Although US Consumer spending finished Q3 strong. Concerns are mounting regarding the sustainability of this trend, as excess savings, primarily among high-income households, are rapidly depleting, with estimates suggesting they could be exhausted in the first half of the upcoming year. Many individuals are turning to debt to finance their expenditures, including the resumption of student loan repayments for some.

Nonetheless, some economists argue that the rising credit card balances do not pose an imminent threat, as consumers can meet their debt obligations, thanks to a robust labor market. Wages increased by 0.4% following a 0.5% gain in the previous month.

US Consumer spending: Financial Stability and Market Response to US Economic Indicators

In terms of financial stability, US consumer of households seem to be in a relatively healthy position compared to past economic cycles. Debt levels are low, savings remain relatively high, and income remains robust, which does not currently provide compelling evidence of an imminent spending slowdown.

In response to this economic data, stocks on Wall Street were trading higher, while the dollar depreciated against a basket of currencies, and U.S. Treasury prices exhibited mixed movements.

Furthermore, monthly inflation remained elevated in September, with the personal consumption expenditures (PCE) price index rising by 0.4%. Food prices increased by 0.3%, and energy prices surged by 1.7%. Over the 12 months through September, the PCE price index registered a 3.4% increase, aligning with August’s figure.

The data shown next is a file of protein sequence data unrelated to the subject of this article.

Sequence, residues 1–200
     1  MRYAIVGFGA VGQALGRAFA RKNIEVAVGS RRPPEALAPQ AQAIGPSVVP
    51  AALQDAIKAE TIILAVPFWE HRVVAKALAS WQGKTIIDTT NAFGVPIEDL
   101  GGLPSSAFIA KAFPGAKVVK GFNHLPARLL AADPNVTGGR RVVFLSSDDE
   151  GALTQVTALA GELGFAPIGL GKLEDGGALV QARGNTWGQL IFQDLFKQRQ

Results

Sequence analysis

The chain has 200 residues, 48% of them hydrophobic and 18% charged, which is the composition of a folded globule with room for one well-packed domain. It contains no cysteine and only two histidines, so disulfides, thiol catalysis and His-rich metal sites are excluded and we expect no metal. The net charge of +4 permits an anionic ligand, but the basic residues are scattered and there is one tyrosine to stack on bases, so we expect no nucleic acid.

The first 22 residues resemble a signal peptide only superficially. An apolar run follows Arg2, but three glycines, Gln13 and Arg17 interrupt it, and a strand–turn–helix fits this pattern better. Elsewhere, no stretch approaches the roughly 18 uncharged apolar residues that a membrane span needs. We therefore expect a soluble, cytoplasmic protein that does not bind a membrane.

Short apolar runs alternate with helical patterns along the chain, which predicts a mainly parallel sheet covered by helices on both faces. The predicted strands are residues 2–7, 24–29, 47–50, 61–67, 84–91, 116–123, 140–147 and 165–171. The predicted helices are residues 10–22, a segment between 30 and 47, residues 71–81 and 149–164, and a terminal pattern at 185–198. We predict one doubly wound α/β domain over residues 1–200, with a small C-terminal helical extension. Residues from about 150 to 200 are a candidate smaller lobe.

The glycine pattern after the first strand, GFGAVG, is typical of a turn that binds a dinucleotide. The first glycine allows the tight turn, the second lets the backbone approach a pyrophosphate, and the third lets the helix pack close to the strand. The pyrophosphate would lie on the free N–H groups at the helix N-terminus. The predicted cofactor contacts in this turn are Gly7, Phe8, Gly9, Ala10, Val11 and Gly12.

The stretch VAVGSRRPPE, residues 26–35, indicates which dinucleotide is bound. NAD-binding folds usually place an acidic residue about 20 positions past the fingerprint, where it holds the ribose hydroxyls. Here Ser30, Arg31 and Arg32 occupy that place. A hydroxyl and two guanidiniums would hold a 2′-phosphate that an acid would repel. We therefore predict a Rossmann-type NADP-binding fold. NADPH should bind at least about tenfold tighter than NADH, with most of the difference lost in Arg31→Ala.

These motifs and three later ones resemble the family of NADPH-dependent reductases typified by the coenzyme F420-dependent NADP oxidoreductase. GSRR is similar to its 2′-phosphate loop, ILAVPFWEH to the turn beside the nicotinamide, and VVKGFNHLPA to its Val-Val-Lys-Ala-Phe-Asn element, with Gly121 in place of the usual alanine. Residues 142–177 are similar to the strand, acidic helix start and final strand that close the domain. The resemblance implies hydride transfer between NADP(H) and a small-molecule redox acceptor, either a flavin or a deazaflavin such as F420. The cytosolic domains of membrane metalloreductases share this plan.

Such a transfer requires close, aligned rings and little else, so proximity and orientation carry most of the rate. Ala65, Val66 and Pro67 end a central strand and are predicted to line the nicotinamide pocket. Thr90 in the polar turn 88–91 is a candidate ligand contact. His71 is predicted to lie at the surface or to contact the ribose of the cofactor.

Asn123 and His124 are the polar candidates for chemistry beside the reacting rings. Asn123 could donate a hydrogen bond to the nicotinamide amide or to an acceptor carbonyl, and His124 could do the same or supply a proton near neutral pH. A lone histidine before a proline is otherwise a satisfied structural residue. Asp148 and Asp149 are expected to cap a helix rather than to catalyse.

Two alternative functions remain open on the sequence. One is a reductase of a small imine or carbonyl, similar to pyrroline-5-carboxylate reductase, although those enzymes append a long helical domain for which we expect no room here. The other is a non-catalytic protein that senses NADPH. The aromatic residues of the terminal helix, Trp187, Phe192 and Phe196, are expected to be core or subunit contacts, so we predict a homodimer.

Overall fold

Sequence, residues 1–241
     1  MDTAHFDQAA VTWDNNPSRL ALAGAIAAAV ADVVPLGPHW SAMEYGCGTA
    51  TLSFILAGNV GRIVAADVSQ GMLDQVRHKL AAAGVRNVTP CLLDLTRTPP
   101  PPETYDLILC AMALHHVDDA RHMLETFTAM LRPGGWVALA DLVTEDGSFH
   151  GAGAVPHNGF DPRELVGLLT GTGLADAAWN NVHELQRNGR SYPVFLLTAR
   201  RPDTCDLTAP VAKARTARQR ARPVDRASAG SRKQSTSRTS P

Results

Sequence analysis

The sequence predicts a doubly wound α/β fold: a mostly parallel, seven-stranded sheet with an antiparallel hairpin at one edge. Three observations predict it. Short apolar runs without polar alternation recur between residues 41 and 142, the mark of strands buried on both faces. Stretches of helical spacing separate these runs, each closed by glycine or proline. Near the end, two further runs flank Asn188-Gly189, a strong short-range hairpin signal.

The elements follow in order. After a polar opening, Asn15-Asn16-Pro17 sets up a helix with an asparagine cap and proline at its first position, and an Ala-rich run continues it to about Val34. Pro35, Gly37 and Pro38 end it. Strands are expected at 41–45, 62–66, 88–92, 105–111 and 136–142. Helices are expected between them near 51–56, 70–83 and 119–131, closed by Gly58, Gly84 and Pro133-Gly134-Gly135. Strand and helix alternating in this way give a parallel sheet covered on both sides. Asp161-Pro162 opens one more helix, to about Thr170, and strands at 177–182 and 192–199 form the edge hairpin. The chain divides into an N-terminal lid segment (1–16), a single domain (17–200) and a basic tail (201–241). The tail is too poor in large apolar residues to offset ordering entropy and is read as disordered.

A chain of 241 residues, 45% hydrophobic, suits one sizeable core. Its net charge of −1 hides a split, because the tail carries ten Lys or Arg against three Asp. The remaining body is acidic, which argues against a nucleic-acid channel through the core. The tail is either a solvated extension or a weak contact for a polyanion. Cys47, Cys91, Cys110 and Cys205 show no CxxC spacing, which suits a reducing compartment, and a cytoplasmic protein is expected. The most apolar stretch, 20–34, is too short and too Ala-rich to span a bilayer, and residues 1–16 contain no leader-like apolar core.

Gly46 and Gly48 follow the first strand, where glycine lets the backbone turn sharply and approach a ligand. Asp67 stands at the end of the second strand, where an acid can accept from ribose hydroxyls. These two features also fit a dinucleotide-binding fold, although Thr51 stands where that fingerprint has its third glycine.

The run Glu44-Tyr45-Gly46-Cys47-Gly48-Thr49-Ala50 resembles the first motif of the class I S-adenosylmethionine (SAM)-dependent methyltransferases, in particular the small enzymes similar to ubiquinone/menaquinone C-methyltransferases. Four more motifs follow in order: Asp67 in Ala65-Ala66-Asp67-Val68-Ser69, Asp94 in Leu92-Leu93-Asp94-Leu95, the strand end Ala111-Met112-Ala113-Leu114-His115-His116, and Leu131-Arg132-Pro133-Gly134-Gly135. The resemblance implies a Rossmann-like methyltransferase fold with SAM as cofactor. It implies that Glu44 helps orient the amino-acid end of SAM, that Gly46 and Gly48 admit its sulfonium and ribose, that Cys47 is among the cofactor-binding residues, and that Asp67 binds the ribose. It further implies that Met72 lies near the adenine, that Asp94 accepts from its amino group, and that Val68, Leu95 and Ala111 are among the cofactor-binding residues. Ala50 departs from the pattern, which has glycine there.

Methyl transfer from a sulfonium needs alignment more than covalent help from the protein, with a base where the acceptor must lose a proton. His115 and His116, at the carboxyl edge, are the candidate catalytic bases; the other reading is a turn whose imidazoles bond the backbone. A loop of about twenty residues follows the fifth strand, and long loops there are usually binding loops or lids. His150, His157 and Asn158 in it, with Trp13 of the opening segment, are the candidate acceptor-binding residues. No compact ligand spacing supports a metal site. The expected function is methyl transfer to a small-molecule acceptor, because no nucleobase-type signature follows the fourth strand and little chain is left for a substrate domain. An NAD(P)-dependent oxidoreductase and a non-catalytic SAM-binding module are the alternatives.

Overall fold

PCE Price Index and the Federal Reserve’s Monetary Policy Focus

Excluding volatile food and energy components, the core PCE price index saw a 0.3% increase, compared to a 0.1% increase in August. Housing services costs rose by 0.5%. Economists suggest that monthly inflation rates of 0.2% are necessary to achieve the U.S. central bank’s 2% target.
The core PCE price index, which excludes housing, experienced a more moderate 0.2% rise. The so-called “super core,” representing PCE services excluding energy and housing, increased by 0.4%, after a slight 0.1% uptick in August. In September, the super core PCE price index exhibited a year-on-year gain of 4.3%.

The Federal Reserve closely monitors the PCE price indexes for its monetary policy decisions. In the upcoming week, it is expected that the Fed will keep interest rates unchanged, primarily in response to recent increases in U.S. Treasury yields and stock market fluctuations, which have resulted in tightened financial conditions. Notably, the Fed has raised its policy rate by 525 basis points since March 2022, bringing it to the current 5.25%-5.50% range.

Pooja Sriram, an economist at Barclays in New York, emphasized that there is still work to be done in order to sustainably lower inflation toward the 2% target set by the Federal Reserve.

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Please note that this article serves solely for informational purposes. As such, it is not financial advice. We strongly advise readers to conduct thorough research and consult with financial professionals before making any investment decisions.